The Micronutrient Forum would like to thank all who submitted their original research in the form of abstracts for presentation at the Micronutrient Forum 5th Global Conference 2020 in Bangkok, Thailand, 8 – 13 November 2020.
A late-breaking Call for Abstracts was launched on October 15th 2019. The deadline for late-breaking abstracts was November 15th 2019.
Abstracts will be accepted for either oral or poster presentation and successful presenters will be notified by the Micronutrient Forum Secretariat:
- Oral presentations: Presentation of abstracts, either 10 to 20 minutes in length, will be included in 90-minute program sessions that will be outlined in the conference program. These sessions are organized around a conference theme and feature outstanding and latest state-of-the-art research.
- Poster presentations: Poster presentations will also take place each day during the conference and presenters will have the opportunity to present their posters between 13h00 and 14h00 from Tuesday to Friday.
Abstract deadlines and acceptance dates
- Abstract submission opens: April 16th 2019
- Abstract submission deadline:
July 12th 2019July 19th 2019
- Abstract acceptance notifications will be sent: September 2019
- Invitations for oral presentations of abstracts will be sent in September 2019
- Call for late-breaking abstracts opens: October 15th 2019
- Deadline for late-breaking abstracts: November 15th 2019
Understanding the biology of micronutrient nutrition and status assessment and implication for program design.
- Benchmarks, methods and metrics for improving the food systems and micronutrient delivery.
- Absorption, metabolism and interaction of micronutrients.
- Micronutrients and the double burden of noncommunicable diseases.
- Effects of genetics, infection/ inflammation, and other environmental exposures, on micronutrient deficiencies.
- Innovations and updates in assessment of micronutrient status: Epidemiology and global prevalence of the micronutrient deficiencies.
- Innovative technologies for micronutrient delivery.
The efficacy and safety of micronutrient interventions on micronutrient intake, status and related functional outcomes.
- Efficacy and effectiveness of food system value chain interventions.
- The implications of climate change on micronutrient status.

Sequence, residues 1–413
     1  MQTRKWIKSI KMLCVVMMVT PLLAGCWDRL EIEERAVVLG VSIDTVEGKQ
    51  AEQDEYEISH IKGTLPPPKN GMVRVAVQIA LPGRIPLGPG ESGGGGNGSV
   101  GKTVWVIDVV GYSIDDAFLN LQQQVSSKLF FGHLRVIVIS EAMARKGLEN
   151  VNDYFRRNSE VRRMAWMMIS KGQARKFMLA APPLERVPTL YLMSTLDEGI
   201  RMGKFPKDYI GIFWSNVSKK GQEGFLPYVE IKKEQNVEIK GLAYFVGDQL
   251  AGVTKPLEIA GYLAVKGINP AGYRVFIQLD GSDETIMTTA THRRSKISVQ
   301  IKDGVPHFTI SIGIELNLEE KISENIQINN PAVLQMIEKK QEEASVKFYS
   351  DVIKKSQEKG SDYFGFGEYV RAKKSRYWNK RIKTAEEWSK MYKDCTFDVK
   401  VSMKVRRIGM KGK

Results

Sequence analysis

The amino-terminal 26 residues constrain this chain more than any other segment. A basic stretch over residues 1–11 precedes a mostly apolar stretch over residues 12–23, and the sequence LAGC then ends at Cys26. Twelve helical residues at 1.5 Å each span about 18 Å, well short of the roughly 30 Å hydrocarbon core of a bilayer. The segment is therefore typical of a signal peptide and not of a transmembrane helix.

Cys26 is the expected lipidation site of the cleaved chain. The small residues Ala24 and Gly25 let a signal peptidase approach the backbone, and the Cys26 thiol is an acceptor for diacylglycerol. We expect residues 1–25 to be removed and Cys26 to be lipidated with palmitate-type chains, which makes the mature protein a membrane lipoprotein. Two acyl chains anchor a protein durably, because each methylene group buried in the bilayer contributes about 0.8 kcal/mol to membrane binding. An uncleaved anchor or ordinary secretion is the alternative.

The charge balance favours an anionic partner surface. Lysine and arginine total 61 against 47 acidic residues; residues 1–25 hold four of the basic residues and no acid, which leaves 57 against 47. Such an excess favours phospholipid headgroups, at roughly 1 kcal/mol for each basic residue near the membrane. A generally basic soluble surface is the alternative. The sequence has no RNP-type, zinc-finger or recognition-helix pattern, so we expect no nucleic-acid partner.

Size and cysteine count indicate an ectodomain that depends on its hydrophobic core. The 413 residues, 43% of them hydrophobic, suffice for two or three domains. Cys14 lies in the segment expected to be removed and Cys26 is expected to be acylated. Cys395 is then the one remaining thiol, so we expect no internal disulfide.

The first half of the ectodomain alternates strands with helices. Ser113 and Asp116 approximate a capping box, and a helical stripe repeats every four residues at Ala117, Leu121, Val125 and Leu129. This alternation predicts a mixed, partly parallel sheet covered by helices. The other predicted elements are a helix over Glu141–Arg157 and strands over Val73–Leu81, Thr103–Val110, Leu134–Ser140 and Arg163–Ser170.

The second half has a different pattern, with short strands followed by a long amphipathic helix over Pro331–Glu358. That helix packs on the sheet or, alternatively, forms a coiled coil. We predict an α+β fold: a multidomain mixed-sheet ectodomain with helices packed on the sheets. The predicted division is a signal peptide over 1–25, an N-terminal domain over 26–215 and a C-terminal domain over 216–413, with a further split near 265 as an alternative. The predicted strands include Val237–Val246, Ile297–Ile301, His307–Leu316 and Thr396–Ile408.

- Agricultural interventions and micronutrient status/intakes.
- Multiple micronutrient powders and reduction of anaemia prevalence.
- Effectiveness of food fortification.
- Impact of interventions on micronutrient status and functional outcomes.
- Dosage, duration and frequency of additional micronutrient delivery throughout the lifecycle.
- Safety considerations for implementing concurrent micronutrient interventions.
Bridging the gap between evidence and implementation to optimize the scale-up of micronutrient interventions.
- Dietary patterns, nutrient intakes, and food safety.
- Advances in large scale food fortification.
- Filling gaps in micronutrient data: Use of modelling tools and dietary data for program decisions.
- Frameworks and tools for successful program design and implementation.
- Experiences from implementation science.
- Innovative program or delivery models, including multi-sectoral interventions.
- Monitoring, surveillance, and evaluation for program improvement.
- Experiences and lessons learned from country programs.
Engaging new actors and building new alliances, and expanding the field of view to include global, regional and national policy considerations, financing, innovative partnerships, climate change, communications, social marketing and advocacy.
- Value propositions across the value chain.
- Market shaping for micronutrients.
- Solutions to engagement with the private sector to invest and support high-quality foods.
- Rethinking the investment case.
- Multi-sectoral engagement to make food systems deliver on nutrition.
- Cost-effectiveness of delivering micronutrient interventions at scale.
- Effective and responsible policies, programs and business models.
- Creating and sustaining effective leadership, communication, capacity development and advocacy.
- All abstracts must be in English
- The abstract text (excluding title and authors) must not exceed 250 words
- The title should not exceed 150 characters
- Images and data tables are not permitted in MNF abstracts